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Learning the long game

Learning the long game

It isn’t every day that you get the opportunity to speak to the manager of the England football team, but today I had that chance and took it!

It was the final session of the Boarding Schools’ Association Heads’ Annual Conference, and Gareth Southgate had been invited along as a boarding parent to speak to the assembled heads. He was eloquent, intelligent and insightful; I can’t help but think that the England team is in safe hands. In answer to my question about his take on school league tables, he spoke about the fact that coaching, like education, is about the long game – yes, winning is important, but the learning process and becoming the best you can be is what really matters. Bravo, Mr Southgate!

These sentiments chime well with my own philosophy; qualifications are, of course, important, but not at the expense of the time, space and opportunities to grow and develop as a human being; that examined ‘end result’ is most definitely only part of the beginning for our students. Of at least equal importance are the attitudes, attributes and character which we nurture and develop in our pupils.

Whilst I have been away, there has been some heartfelt responses to pictures of our Junior School and Infants heading out on their PYP adventures whilst in many other schools, their contemporaries are cramming for SATs exams. In response to the photos on our Facebook page of the Rossall students discovering and adventuring on the beach and in the countryside, several non-Rossall parents have mentioned the pressure their children are under to succeed in their SAT exams. And to what end? Countless children will come away from the SATs feeling that they are failures; and this blow comes just weeks before the transition to Senior School when 11 year olds should be bouncing with anticipation for the next stage of their school careers. I also feel sad for the late developers – will they ever be able to regain their self-esteem enough to realise the potential they actually have?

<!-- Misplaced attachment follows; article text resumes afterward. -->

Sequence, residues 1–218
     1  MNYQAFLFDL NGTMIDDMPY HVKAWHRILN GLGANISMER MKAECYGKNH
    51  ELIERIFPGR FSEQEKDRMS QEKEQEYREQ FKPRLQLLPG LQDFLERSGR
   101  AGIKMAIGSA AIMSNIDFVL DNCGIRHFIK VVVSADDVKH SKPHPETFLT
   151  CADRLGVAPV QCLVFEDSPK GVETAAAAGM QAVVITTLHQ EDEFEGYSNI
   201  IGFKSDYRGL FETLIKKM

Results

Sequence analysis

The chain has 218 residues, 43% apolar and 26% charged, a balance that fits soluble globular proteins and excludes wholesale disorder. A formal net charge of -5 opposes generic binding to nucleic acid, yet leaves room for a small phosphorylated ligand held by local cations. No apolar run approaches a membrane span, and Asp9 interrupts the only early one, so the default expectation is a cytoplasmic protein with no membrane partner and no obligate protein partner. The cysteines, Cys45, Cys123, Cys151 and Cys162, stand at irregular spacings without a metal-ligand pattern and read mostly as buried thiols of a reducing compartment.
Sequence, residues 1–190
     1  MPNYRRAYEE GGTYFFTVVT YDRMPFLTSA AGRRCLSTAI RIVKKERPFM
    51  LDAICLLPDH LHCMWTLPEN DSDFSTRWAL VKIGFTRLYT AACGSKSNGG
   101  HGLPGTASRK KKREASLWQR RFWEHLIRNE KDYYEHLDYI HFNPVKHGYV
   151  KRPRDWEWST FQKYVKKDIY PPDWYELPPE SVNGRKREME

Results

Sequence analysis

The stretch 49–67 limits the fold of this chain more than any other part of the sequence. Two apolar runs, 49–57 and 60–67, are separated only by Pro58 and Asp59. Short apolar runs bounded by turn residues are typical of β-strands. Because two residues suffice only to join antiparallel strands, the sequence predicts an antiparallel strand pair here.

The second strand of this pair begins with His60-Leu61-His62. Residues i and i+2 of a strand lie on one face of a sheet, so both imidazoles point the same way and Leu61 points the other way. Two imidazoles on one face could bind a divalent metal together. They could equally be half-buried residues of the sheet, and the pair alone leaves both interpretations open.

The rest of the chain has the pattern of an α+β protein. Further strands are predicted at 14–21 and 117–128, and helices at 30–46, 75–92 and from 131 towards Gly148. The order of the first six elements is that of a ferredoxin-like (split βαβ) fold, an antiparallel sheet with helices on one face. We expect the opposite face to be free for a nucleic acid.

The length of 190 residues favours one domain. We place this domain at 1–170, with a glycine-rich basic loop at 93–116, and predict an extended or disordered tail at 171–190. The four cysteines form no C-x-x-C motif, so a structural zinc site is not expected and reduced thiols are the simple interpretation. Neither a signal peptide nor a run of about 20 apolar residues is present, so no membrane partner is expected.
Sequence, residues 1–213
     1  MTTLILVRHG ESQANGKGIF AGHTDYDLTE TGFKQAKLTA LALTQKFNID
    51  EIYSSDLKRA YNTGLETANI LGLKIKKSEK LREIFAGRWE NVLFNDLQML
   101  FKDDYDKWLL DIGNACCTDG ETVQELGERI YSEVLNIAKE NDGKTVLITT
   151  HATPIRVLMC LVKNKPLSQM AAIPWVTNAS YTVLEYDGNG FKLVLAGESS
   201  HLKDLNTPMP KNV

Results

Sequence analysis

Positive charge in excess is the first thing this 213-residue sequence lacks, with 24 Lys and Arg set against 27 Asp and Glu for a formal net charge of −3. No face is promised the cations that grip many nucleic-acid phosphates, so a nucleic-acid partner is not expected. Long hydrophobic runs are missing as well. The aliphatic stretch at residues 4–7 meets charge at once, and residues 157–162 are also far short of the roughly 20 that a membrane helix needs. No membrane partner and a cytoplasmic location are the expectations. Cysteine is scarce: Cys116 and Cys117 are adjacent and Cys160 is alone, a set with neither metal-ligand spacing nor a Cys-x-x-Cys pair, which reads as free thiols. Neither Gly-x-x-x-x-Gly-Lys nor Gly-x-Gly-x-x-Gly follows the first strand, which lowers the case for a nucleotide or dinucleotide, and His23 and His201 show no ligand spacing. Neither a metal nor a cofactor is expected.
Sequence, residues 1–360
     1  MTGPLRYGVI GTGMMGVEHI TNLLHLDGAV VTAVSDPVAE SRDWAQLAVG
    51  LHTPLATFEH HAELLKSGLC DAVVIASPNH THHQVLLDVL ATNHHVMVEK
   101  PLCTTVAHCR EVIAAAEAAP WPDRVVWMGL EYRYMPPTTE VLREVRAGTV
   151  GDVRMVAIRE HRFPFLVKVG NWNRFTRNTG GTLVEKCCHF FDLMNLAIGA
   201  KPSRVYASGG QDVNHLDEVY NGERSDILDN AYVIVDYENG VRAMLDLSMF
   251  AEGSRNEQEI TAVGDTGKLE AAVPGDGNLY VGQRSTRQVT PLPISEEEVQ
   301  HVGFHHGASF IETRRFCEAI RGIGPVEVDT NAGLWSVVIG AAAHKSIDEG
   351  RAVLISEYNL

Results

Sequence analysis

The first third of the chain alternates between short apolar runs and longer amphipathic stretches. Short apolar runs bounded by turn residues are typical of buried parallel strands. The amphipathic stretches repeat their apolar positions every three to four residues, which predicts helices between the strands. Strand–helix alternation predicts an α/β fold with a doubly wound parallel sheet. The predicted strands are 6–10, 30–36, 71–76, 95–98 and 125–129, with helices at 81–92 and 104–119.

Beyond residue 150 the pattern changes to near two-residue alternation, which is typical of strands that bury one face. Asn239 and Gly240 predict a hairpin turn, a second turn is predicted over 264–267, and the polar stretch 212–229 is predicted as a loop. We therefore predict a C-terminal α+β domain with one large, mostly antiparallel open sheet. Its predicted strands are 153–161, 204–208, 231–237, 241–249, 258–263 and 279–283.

Conversely, the Rossall children will be having an action-packed week, full of challenge, self-discovery and teamwork; they will learn a huge amount, but just not in a classroom. At Rossall, we embrace the International Baccalaureate’s Primary Years Programme – a creative and forward-looking curriculum which fosters curiosity, higher level thinking, collaboration, makes connections across curriculum areas and encourages pupils to ask searching questions. We introduced the PYP nearly ten years ago and are delighted with how it creates active and happy learners.

I think we realise how lucky we are in the independent sector to not be forced into taking the SATs and I hope, for the sake of the nation, that an Education Minister will soon have the courage to listen to teachers, parents and children; remove the unnecessary testing at age 11, allow teachers to make their professional judgements about pupil progress and give these young people back the time to grow as individuals, not as exam machines.


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